There’s a pretty good discussion of how naturally-occurring, or intrinsic, adjuvants in the vaccine (such as non-protein components of virus) can engage toll-like receptors (TLRs). However, there are some agents that are not TLR antagonists that can enhance cellular immunity. Squalene and other lipid adjuvants appear to be in this class.

    The latter end of the review discusses squalene-containing adjuvants such as MF59, AS02/AS04 and other oil/water emulsions. Hope this helps everyone.

  17. #17 jre
    October 31, 2009

    Awesome link, Abel!

    And a perfect excuse to point out that the Department of Immunology at the University of Colorado Health Sciences Center is right in the center of research aimed at improving public health through immunization.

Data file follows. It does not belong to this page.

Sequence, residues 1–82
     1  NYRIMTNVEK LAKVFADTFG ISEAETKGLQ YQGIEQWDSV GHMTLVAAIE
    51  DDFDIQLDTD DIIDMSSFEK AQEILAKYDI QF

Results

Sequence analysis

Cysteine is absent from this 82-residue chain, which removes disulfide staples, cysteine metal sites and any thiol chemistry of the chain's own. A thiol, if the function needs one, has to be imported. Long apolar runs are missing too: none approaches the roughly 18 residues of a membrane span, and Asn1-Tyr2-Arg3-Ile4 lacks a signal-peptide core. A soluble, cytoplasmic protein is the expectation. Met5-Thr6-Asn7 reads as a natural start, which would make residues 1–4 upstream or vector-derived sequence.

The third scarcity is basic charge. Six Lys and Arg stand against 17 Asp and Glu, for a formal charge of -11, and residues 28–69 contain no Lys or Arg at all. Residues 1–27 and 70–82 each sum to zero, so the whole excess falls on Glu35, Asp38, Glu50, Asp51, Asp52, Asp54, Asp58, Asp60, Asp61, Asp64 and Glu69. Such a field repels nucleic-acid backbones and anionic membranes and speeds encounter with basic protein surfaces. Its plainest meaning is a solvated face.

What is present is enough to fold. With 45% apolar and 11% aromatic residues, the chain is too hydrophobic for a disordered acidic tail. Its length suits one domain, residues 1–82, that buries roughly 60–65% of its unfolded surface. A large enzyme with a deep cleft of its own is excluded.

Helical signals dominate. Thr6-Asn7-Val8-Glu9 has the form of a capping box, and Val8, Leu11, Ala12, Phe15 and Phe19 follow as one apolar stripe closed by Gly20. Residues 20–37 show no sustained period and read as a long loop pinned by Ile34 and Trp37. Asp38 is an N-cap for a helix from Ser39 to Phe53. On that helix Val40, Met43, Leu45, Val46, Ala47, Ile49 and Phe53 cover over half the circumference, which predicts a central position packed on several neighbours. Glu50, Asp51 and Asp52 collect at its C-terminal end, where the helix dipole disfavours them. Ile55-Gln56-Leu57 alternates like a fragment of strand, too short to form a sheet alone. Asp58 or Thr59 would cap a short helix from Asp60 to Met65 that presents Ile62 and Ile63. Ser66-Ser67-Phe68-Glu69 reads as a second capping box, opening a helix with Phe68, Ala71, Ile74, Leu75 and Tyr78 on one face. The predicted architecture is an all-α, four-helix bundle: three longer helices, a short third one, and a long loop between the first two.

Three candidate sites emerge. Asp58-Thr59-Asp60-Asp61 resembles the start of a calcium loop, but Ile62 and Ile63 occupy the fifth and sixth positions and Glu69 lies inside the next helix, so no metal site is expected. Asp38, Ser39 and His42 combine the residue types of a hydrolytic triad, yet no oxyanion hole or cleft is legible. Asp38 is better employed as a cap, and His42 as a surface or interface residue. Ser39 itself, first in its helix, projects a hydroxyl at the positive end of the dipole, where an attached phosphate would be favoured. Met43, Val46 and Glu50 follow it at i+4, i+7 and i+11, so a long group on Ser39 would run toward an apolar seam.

That department’s leading light is J.J. Cohen, discoverer of apoptosis and founder of the ultimately awesome Mini Med School. His lectures are hilarious, brain-expanding and not to be missed. If you care about health and live anywhere in the same region as Denver, you absolutely have to attend the MMS (held every fall) at least once. Trust me on this one.

  18. #18 Jessica
    November 3, 2009

    Is there a way of manufacturing arificial squalene: the oceans are overfished and sharks are victims of overfshing. Using oil from species that we are fishing down in order to protect ourselves from disease is not ethical.

  19. #19 passionlessDrone
    November 3, 2009

    Hello friends –

    The reality is, we really don’t have a good idea of how squalene does what it does when included in a vaccine.

    From the link provided in #16.

    Despite its long use, we still do not know exactly how alum mediates its adjuvant effects